The 280(c) election has long been a viable (yet highly underutilized) option for business owners claiming research and development tax credits. Under the standardized legislation, Section 41 requires that business owners leveraging R&D tax credits must add the credit to their income, thus increasing their tax by the amount of the credit times their marginal tax rate. The credit then reduces their tax, generating an overall benefit and tax reduction. However, when utilizing the 280(c) election, taxpayers don't have to route the credit back to their expenses, opting instead to take a reduced research tax credit at 65%. In short, rather than reducing the deduction, 280(c) allows companies to elect to reduce the credit rather than add it back to taxable income.
Under the provision guidelines, 280(c) effectively eliminates potential "double dipping," simultaneously preventing taxpayers from receiving both a credit and deduction on the same qualifying research and development expenses, yet still generally producing the same net benefit on a federal level. However, on a taxpayer level, opting for a reduced credit election leaves taxable state income unchanged, making it an attractive option for business owners operating in any tax bracket.
Tax Cuts and Jobs Act Can Change How You Claim Innovation Research Tax Credits
While business owners across multiple industries have used the 280(c) election when filing for innovation tax credits to optimize various benefits, financial professionals and executives are suddenly taking a heightened interest in this statutory provision due to the Tax Cuts and Jobs Act (TCJA). First passed into law by President Trump in December 2017, the TCJA is the most extensive tax reform bill passed in over three decades. The majority of the bill's provisions officially went into effect as of January 1, 2018, making all of its updated regulations viable options for both corporations and individual workers when filing this year's taxes.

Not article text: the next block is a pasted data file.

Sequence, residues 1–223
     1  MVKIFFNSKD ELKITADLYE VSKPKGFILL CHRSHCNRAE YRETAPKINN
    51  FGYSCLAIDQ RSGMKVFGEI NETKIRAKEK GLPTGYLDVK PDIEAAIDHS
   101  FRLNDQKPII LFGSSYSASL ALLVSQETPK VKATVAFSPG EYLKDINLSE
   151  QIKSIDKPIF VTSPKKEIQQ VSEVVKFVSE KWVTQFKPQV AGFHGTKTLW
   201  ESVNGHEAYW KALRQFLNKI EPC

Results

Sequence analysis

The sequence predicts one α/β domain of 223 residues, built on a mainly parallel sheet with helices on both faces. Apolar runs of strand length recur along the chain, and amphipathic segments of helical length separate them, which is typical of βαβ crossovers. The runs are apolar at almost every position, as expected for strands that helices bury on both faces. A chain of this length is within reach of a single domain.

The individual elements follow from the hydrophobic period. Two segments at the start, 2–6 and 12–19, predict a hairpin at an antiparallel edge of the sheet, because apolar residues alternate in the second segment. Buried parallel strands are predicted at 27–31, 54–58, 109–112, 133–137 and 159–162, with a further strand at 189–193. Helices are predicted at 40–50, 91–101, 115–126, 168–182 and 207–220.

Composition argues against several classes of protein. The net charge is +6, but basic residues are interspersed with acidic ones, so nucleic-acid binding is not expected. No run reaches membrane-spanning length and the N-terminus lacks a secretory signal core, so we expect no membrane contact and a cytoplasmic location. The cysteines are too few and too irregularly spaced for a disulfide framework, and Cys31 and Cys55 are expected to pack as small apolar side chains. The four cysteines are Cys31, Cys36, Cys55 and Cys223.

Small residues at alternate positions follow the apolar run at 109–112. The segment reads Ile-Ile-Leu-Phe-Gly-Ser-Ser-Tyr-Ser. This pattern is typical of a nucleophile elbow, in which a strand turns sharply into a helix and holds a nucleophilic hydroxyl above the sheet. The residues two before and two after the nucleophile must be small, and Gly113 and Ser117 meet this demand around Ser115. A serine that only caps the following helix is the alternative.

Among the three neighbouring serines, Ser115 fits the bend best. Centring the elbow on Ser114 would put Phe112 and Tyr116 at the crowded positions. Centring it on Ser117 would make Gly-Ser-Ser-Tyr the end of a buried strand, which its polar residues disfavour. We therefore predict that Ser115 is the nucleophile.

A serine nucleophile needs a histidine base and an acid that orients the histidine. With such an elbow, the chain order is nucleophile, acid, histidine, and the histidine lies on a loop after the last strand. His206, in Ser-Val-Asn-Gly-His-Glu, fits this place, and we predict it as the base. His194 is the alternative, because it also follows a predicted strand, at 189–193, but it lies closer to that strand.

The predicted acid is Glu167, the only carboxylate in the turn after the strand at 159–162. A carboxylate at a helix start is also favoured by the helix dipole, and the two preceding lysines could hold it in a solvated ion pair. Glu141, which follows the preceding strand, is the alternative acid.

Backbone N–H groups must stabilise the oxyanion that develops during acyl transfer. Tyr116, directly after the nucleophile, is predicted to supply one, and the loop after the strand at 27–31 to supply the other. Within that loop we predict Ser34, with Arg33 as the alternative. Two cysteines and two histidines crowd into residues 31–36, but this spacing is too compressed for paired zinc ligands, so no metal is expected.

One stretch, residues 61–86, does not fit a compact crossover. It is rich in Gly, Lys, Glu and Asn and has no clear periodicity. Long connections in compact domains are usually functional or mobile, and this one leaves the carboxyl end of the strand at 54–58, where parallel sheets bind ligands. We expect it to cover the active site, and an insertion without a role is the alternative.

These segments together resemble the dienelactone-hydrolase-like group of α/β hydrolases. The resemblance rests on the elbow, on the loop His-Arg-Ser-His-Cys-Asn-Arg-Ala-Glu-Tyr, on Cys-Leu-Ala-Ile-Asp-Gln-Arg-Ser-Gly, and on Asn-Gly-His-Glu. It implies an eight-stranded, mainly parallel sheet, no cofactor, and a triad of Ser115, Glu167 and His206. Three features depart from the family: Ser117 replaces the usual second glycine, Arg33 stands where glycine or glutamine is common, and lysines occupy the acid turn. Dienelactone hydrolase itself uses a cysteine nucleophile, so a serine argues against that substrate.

The good news (for some) is that at least on some levels, the TCJA does reduce tax rates for both business owners and employees, although some may argue that the new bill benefits are decidedly corporation-centric. Case in point: The top tax rate for individuals will modestly dip from 39.6% down to 37%. However, under the new legislation, the highest business tax rate will drop from 35% all the way down to 21%. While this is excellent news for many entrepreneurs, those filing for research and development tax credits may find their lower tax rate status significantly devalues the impact of Section 41 on their bottom-line profits.
Enter the 280(c) election.
Operating under the new corporate tax rates, companies claiming research and development expenses with a 280(c) may find their credit surging from 65% all the way up to 81%, a sizeable increase that can quickly reduce overall tax obligation and drive invaluable cash flow. As a result, business owners and their financial planners in every R&D vertical should carefully analyze the new legislation to determine which filing option will deliver the biggest bang for their corporate buck when filing 2018 business returns. An analysis of each individual tax situation should be completed to determine whether a Section 280C(c) election will result in a higher overall tax reduction.
Don't Navigate the New Corporate Tax Legislation Alone
Overwhelmed trying to keep up with the latest R&D tax credit legislation? Acena Consulting can help. We are experts in the research and development vertical, helping our partners optimize returns and minimize corporate risk. Contact us today to hear more.